One of my big projects over the last month, aside from taking care of a c-sectioned wife and new daughter, was rebuilding our district's website in Joomla. The short-term goal is, of course, to just make our web presence far more user-friendly and attractive. The long-term goal, however, is to create a unified platform for all of our schools to be able to share and post content easily.
I'm actually a bit late to the Content Management System (CMS) party. As I noted about a month ago, many of our students might be well-served learning these tools which enable average users to manage rich sites. Joomla, WordPress, and Drupal are well-known examples of such systems and the entire ZDNet site runs on WordPress. Many businesses, blogs, schools, and clubs have turned to such systems (all of which have at least free components or versions) to create really classy sites without investing in expensive software (or expensive developers).
Not me, though. Oh no. I was going to just code it up. What a fun project, right? The problem is that I'm a pretty mediocre programmer and a dismal designer. Project management, training, and systems design are my strengths. Programming the latest slick web technologies? Not so much.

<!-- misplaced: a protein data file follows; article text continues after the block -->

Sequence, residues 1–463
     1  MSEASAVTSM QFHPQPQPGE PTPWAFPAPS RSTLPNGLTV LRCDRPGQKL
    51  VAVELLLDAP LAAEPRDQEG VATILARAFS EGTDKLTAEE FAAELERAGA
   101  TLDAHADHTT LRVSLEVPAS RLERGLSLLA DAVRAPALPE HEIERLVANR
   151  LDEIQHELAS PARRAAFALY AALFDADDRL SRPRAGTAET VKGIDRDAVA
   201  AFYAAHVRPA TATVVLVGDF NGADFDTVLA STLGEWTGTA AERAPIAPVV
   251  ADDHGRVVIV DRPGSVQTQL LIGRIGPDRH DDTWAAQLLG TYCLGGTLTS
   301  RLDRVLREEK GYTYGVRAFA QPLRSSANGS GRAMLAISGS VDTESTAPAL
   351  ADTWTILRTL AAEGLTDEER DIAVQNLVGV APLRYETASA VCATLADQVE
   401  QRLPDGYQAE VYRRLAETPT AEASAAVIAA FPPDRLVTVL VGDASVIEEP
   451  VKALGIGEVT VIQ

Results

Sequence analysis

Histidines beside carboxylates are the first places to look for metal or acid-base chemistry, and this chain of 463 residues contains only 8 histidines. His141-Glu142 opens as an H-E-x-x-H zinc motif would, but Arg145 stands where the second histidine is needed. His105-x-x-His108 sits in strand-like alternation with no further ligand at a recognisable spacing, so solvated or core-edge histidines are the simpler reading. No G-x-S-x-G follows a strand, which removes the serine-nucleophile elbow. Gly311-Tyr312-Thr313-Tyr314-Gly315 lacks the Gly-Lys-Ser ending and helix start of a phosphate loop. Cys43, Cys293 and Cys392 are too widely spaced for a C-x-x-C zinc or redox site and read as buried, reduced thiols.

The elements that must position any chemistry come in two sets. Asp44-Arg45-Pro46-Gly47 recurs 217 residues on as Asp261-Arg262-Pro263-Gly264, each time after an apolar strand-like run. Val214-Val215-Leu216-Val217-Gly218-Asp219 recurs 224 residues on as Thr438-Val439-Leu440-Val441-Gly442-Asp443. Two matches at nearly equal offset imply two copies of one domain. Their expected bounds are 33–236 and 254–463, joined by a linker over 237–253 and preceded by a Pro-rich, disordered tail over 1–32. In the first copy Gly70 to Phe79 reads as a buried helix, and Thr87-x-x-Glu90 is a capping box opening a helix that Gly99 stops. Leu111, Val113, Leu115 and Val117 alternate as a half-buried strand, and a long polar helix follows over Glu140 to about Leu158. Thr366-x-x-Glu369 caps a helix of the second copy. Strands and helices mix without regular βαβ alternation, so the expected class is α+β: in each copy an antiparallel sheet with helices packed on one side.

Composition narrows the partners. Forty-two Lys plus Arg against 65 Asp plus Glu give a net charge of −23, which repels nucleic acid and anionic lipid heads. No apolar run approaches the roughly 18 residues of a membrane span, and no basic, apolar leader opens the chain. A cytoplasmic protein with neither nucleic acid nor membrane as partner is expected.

The bigger problem, though, is that even a mediocre programmer is probably far better able to create web pages than 99% of the users in our schools. Sure, many of the younger staff can probably pimp their MySpace or create a wiki, but actually building and maintaining a lot of web content is probably well outside their comfort zones (and certainly outside their job descriptions). And yet a school's or district's website should be an open (if somewhat moderated) tool for a variety of staff to use. Besides, who has the time to create a new page every time the cheerleaders want to post a fundraiser notice or a teacher forms a new club?
Enter Joomla! (I'll refer to Joomla! specifically here since that's been occupying my time recently, but any CMS will do the trick). Content management systems empower users to, well, manage their own content (duh). Who can actually hire a full-time webmaster anymore? Of course it would take a webmaster to keep up with the needs of a district full of staff wanting to share and communicate with students and parents.
With a CMS, a geeky sort like me sits on the backend and creates a structure that reflects the needs and business rules of the organization. With a minimum of training then, users can easily start updating and creating content. Most are organized after a blogging site (keep in mind that ZDNet runs on a CMS and all of us submit and edit our posts through a simple WYSIWYG editor), but that can certainly serve the needs of educational institutions quite well.
The real key is that users are maintaining content; us geeks just have to make sure that the web servers and software are properly configured and users are properly trained. Empower those users, folks. Set up a CMS for them and let them go to town. It will make your job easier and will make their transition to the content-oriented 21st century a lot smoother.